Looking at one electricity company, Southern California Edison, their off-peak rate is $0.11 and their peak rate is $0.46 for a savings spread of $0.35 per kWh. The large Powerwall unit is 10kWh, so assuming you got the max output at the perfect time each day you would save $3.50 per day. The unit itself (without install) costs $3,500 so to pay for the unit itself with this benefit would take about 3.5 years. Add in the installation and you’re looking at closer to 5 years on a true payback on your investment.
Note that SoCol Edison is one of the most favorable companies in TOU pricing. In the other rare areas where TOU pricing is available the price gap between peak and off-peak pricing is much smaller. For instance in Wisconsin the spread is $0.13 and the breakeven (Powerwall unit only) is over 10 years.
Payback based on TOU can take 5-10 years.
There’s an argument if you have a Solar (PV) system that you could charge the battery up from the sun for free and get a faster payback, but that’s ignoring the costs of the PV system. People have either bought or leased a PV system and there’s a payback or ongoing cost for the power generation.
The other stated potential use case for the Powerwall is as a backup power unit for your home. Again, you’d have to have the installation support this with the proper controls/shutoffs for the feedback cycle and to power only the essential circuits/devices.
Tesla’s site gives some good indications on what you could expect to run off it. Don’t expect to run your whole house. But a few key appliances, could run for a decent time off either battery. For instance your refrigerator could run for 2 days off the larger battery if it was the only device on the battery. This time could be extended if you could re-fill the battery from a solar system.
So for example, in the case of an extended power outage you may be able to run some key home services indefinitely with the proper size battery, the right size solar system and all the right shutoffs etc. and of course plenty of sun light.
The ability to re-fill from solar is a nice benefit, but the competition is a gas powered generator.
A 6.5kW generator can be had for for as little as $800. That generator can output 32,500kWh (50% load x 10 hours according that link). So thats 3x the power at less than 25% of the cost of Tesla’s offering. The cost for that power? About $15. The generator, unlike the Powerall, is mobile — you can take it camping, etc. Generators, since they’re used infrequently, have very low maintenance. Generators can be re-filled quickly and regardless of weather conditions (hurricanes, snow storms etc which are the likely times you will lose power).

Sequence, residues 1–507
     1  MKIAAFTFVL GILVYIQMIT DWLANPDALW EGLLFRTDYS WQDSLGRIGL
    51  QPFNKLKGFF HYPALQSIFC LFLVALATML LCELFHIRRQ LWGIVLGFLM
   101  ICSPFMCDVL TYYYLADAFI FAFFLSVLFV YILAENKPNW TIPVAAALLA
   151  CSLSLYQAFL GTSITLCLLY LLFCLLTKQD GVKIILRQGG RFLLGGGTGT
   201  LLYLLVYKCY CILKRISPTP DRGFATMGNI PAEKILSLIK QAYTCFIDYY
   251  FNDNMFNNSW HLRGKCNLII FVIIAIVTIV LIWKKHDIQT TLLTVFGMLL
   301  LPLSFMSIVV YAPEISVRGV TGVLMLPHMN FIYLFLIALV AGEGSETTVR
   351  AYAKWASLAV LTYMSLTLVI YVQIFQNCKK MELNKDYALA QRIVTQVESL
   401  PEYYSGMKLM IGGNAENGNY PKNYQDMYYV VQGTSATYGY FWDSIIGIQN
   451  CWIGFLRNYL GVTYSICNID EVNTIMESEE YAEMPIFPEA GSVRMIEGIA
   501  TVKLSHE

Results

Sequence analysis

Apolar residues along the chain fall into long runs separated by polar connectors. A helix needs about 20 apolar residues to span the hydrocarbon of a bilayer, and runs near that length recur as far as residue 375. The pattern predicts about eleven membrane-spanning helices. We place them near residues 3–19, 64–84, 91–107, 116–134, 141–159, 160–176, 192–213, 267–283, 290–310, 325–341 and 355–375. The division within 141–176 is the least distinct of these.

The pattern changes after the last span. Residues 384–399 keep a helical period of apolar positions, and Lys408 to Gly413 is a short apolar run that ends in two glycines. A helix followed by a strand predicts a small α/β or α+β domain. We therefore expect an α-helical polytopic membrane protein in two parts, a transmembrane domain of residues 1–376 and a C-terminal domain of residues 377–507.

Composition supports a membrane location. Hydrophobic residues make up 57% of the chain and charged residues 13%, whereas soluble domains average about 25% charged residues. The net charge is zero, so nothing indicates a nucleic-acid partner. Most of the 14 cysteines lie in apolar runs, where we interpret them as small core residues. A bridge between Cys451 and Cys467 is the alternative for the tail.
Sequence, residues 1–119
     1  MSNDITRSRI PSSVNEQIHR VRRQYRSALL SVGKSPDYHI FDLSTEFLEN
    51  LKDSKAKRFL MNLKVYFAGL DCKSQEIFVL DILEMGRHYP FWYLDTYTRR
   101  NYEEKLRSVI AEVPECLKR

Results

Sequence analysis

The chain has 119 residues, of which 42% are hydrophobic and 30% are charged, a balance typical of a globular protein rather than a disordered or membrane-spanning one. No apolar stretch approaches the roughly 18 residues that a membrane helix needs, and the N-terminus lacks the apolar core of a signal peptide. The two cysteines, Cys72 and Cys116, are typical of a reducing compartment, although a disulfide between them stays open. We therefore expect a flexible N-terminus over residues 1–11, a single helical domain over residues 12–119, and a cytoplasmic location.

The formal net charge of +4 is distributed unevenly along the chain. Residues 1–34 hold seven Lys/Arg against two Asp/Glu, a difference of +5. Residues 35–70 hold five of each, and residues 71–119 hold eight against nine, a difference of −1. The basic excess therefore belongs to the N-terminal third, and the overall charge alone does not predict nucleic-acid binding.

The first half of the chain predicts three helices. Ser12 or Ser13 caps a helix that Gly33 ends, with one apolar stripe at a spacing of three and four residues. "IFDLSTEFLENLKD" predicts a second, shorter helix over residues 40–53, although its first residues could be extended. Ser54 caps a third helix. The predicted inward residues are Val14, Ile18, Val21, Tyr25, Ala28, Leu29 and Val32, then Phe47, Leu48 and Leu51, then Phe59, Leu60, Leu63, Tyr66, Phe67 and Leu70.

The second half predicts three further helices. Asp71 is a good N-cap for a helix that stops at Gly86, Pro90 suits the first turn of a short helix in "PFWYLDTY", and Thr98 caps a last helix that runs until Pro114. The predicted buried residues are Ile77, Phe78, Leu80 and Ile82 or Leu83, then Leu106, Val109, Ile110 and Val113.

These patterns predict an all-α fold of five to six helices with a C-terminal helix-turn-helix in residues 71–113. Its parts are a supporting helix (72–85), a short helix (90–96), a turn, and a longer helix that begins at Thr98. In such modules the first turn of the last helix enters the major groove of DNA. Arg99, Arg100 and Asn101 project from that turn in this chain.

Power as a power backup unit is a poor second to a real generator.
I have a Hona 6.5kW generator. My house has its own well, septic etc. When power goes out I fire up the generator and power the things I need. I have water, hot showers, heat (oil, fired by electric which is powered by the generator), lights etc. I have run for days off that generator in some of the worst weather conditions New England can throw at me. I’d argue if you’re serious about backup power then a generator is still the best option.
Powerwall, as a backup power option, is likely only a good fit for those who live in more temperate climates and that have a solar install.
What Tesla should have done
I can’t really comment on the commercial aspects of Tesla Energy and selling to businesses and utilities, so I won’t do that. I think Tesla should have continued to focus on vehicles with their energy products, but I don’t mean cars.
There’s a large market out there of lawn mowers, ATVs, snow mobiles, boats, etc. that could benefit from Tesla’s focus. These vehicles are painful to maintain, use more fuel than most would notice and fit in the sort of price range and demographics the Powerwall is intended for — the ‘burbs. Some vendors like Cub Cadet have already introduced electric versions of their mowers.
Tesla may not want to get into the business of building and selling lawn mowers, but a deep partnership with leading brand names like John Deere, Cub Cadet, Polaris etc to co-develop these more personal BEVs would be of a lot more interest to a much broader market and ultimately do more good for the planet as a whole.
Where should Tesla go with Powerall? I’d say get it added in as an option with every Solar install by any Solar company possible and ride the solar boom. Tesla is clearly already going down that path with the partners they’re listing today. Oddly SolarCity isn’t yet present. I don’t see a lot of good potential growth as a sale from Tesla directly to homeowners other than the initial wave of Tesla fans.
UPDATE: It seems some read this post as me being against the overall strategy Elon is outlining in moving away from fossil fuels, harnessing and storing free energy etc. That is not the point of this post. This post is about a consumer product that makes no sense and is not actually good for the consumers. If people wish to buy it for the good of the planet as a whole thats a different consideration and one each person can make on their own.